Residents of The Centennial State may hold the secret to living a long, healthy life.
A new analysis found that Coloradans top the list for people with the best heart health because the state has the lowest obesity rate in the U.S. and ranks first for the most physically active people.
It also has the fewest residents with high blood pressure, a risk factor for heart disease, and the lowest death rate from heart disease.
Forbes’ health analysis found that Colorado had a perfect heart health score of 100 based on 16 health and lifestyle factors, including diet, smoking, drinking, exercise, sleep and hours worked.
At the bottom of the list, the state with the unhealthiest hearts (with a score of zero) was Arkansas, home to the most Americans who smoke every day, as well as sky-high obesity rates.
Heart disease is the leading cause of death in the United States, killing 695,000 people and costing $240 billion a year, and nearly half of Americans are affected by some form of cardiovascular disease, according to the Centers for Disease Control and Prevention. and Disease Prevention.
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For the analysis, Forbes analyzed data from multiple government and health databases for 16 metrics, including hours worked per month, fruit and vegetable consumption, sleep habits, alcohol consumption, smoking rates, obesity rates and death rates from stroke, high blood pressure and heart disease.
The research included approximately 800 data points.
Coloradans ranked high in heart health thanks to their diets: 81 percent of people in the state reported consuming vegetables at least once a day and light alcohol consumption; only eight percent of residents said they drink heavily.
Additionally, the state has the lowest percentage of people with high blood pressure (25 percent) and the fourth-lowest rate of deaths from heart disease.
Colorado is also home to the lowest percentage of people classified as obese: 25 percent, compared to the national average of 42 percent.
And it has the highest percentage of people who reported exercising at least once in the past month: 84 percent.
The association between physical activity and healthy hearts was observed throughout the analysis.
Of the 10 most active states, five also ranked among the 10 most heart-healthy states overall.
And the five most active were located in the western United States, where there are fewer densely populated cities and residents have more access to outdoor activities.
The above shows the heart disease death rate by county in the United States from 2018 to 2020.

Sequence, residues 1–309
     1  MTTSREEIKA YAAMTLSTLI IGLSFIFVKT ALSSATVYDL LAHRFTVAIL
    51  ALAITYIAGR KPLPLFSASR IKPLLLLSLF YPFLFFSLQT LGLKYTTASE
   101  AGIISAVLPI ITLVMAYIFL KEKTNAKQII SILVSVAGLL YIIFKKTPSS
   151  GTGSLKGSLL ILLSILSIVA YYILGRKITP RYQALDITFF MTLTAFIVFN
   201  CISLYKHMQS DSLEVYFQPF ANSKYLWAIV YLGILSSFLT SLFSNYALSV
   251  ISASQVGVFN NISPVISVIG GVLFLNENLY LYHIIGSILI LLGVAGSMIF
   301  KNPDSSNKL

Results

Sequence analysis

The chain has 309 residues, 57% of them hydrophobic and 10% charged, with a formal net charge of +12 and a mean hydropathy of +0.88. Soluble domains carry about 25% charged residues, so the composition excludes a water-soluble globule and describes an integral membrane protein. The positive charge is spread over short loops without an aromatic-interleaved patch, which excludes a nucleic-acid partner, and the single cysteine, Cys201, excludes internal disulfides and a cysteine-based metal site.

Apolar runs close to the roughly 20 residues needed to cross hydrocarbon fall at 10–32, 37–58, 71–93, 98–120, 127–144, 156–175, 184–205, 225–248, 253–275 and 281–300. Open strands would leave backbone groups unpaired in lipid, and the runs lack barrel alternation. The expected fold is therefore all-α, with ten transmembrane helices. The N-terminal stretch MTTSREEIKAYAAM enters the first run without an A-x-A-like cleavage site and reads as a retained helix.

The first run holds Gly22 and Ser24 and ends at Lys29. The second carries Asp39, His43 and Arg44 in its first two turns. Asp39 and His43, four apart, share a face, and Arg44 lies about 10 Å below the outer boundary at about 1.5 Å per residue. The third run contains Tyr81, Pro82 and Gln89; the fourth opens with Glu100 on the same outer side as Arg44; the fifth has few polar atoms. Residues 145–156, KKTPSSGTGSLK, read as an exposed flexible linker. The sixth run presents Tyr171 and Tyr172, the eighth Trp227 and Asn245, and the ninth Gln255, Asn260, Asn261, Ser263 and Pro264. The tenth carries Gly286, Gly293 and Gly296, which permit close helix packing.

Behind Colorado was Massachusetts with a score of 99, New Hampshire and Utah were tied at 96 points and Connecticut was close behind with a score of 94.
Massachusetts scored highly thanks to having the lowest rate of people dying from strokes and having the second-lowest prevalence of smoking, which is a known factor causing heart disease.
New Hampshire residents can thank their plant-rich diets for their healthy hearts and balanced work schedules.
The state ranked fourth lowest in average number of hours worked per month (37), which can be used as an indication of stress levels.
The state also has the nation’s lowest rate of deaths related to high blood pressure.
Utahns’ active lifestyles and higher rate of never smokers helped the state earn its highest score. Residents there also ranked third among people who reported being heavy drinkers.
Connecticut’s score could be due to its fifth-lowest rate of deaths from stroke and heart disease.
Arkansas came in last with a score of zero.
The state scored low because it has the highest rate of death from coronary heart disease and has the second-highest number of residents who smoke every day.
Following Arkansas were four other southern states: Mississippi scored three points, Tennessee scored seven, Louisiana scored a 10, and West Virginia ranked 46th of the 50 states with a score of 13.
Mississippi followed for having the lowest percentage of residents who exercise and the second-highest heart disease death rate in the US.
Tennessee came away with just seven points because its residents work the third-highest number of hours per month (42) and have the third-highest prevalence of people who smoke every day.
Louisiana ranked 47th for its residents’ unhealthy diets, with the second-fewest people eating fruit every day and the lowest percentage of people eating vegetables every day.
West Virginia rounds out the bottom five because it has the second-highest level of people with high cholesterol and the second-highest rate of death from coronary heart disease.
Some form of cardiovascular disease affects about half of Americans: approximately 127 million people.
Risk factors include obesity, high cholesterol, diabetes, high blood pressure, sedentary lifestyle, poor diet, and family history of heart disease.